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Solid wood — that is, wood cut into boards from the trunk of a tree — makes up most of the wood in a piece of furniture. The type of wood you choose determines the beauty and strength of the piece. Many varieties of wood are available and each has its own properties. The following sections introduce you to the most common types of soft and hardwoods.
HARDWOODS - Mature hardwoods supply the nation, and much of the world, with timber used for everything from railroad ties to quality furnishings. U.S. hardwoods are coveted the world over for their warmth and lasting beauty in furniture, cabinetry, millwork and flooring.
Ash Ash
Ash is a white-to-pale-brown colored wood with a straight grain. It's pretty easy to work with (hardness of 4 on a scale of 1 to 5) and takes stain quite nicely, but ash is getting harder and harder to find. You won't find ash at your local home center — it's only available from larger lumberyards. Ash is a good substitute for white oak.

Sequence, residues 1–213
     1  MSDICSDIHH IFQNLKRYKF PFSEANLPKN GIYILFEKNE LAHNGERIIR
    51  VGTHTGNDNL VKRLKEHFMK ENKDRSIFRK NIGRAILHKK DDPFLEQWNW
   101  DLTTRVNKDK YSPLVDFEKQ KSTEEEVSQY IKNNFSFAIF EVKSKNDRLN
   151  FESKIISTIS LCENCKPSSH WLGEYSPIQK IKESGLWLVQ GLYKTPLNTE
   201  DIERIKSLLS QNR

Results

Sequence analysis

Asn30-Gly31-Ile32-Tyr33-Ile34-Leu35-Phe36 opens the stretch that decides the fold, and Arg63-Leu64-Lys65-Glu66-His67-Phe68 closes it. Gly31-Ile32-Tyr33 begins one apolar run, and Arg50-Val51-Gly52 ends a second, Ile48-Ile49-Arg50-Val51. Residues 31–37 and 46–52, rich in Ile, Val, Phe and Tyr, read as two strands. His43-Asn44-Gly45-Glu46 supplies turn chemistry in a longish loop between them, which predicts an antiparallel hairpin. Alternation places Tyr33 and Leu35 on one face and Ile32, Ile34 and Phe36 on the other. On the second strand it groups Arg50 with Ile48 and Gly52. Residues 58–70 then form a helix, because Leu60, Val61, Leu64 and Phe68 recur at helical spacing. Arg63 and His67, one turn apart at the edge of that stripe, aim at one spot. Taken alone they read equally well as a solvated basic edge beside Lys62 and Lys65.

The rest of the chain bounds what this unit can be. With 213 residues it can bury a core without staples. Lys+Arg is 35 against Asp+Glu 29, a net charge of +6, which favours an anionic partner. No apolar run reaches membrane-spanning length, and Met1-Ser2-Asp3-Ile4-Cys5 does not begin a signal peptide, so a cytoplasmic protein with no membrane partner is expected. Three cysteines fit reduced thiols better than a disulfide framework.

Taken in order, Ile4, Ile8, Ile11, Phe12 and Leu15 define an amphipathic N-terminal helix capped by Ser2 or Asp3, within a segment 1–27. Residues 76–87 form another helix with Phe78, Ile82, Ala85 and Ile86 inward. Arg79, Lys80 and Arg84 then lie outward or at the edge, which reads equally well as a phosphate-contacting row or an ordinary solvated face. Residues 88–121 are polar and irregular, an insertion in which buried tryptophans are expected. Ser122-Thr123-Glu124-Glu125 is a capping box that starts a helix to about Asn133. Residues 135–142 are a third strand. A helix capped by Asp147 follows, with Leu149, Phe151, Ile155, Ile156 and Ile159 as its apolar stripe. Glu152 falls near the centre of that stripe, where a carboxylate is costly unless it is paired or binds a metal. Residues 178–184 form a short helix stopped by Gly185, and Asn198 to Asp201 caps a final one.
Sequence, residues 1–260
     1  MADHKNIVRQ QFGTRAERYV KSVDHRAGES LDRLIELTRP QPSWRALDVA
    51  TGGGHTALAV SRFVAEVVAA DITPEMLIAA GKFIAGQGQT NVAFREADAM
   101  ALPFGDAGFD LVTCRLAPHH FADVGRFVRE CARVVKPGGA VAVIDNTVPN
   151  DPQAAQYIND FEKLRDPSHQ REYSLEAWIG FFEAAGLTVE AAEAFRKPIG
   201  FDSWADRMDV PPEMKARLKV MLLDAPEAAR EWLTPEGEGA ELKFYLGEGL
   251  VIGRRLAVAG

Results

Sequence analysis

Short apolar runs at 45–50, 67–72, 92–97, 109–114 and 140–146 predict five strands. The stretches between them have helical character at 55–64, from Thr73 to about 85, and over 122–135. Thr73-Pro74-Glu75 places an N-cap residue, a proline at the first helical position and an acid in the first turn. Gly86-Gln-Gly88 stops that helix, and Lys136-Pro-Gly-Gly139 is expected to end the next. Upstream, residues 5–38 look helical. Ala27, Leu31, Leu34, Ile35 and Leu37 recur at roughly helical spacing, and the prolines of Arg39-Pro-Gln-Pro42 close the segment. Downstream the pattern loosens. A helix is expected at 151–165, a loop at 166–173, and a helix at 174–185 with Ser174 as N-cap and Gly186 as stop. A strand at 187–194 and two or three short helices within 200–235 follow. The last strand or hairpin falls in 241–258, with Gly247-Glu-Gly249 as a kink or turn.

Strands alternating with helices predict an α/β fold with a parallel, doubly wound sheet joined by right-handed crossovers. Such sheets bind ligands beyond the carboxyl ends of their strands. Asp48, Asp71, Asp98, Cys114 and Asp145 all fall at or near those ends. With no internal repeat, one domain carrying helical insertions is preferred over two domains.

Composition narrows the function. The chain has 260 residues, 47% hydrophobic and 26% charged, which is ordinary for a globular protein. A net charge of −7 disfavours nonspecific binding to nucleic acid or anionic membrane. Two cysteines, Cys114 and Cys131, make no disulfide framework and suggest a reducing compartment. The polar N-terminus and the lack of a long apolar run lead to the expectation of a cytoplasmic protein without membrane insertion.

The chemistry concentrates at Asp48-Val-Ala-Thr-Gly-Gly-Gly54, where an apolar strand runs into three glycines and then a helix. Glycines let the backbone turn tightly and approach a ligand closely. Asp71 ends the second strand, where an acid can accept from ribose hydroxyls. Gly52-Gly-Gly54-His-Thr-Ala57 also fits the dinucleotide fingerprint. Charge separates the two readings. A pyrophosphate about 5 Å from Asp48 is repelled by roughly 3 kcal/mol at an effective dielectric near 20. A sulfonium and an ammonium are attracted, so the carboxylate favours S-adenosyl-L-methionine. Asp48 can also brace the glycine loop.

Beech Beech
American Beech is a species to eastern North America. The sapwood of American beech is white with a red tinge, while the heartwood is light to dark reddish brown. The wood wears well and holds a polish, and it bends readily when steamed. Care is needed in gluing, but the wood finishes well with paint or transparent finishes.
 
Cherry Cherry
Cherry is a very popular and all-around great wood; easy to work with, stains and finishes well with just oil, and ages beautifully. Cherry's heartwood has a reddish-brown color to it and the sapwood is almost white. Cherry has a hardness of 2 on a scale of 1 to 5. This is a very common wood for furniture-making and is available from sustainably-grown forests. Because it's in demand, cherry is getting somewhat expensive compared to other domestic hardwoods, such as oak and maple.
 
Hickory Hickory
Hickory wood is very hard, stiff, dense and shock resistant. As stated in the U.S. Forest Service pamphlet on "Important Trees of Eastern Forests", "there are some woods that are stronger than hickory and some that are harder, but the combination of strength, toughness, hardness, and stiffness found in hickory wood is not found in any other commercial wood.
 
Mahogany Mahogany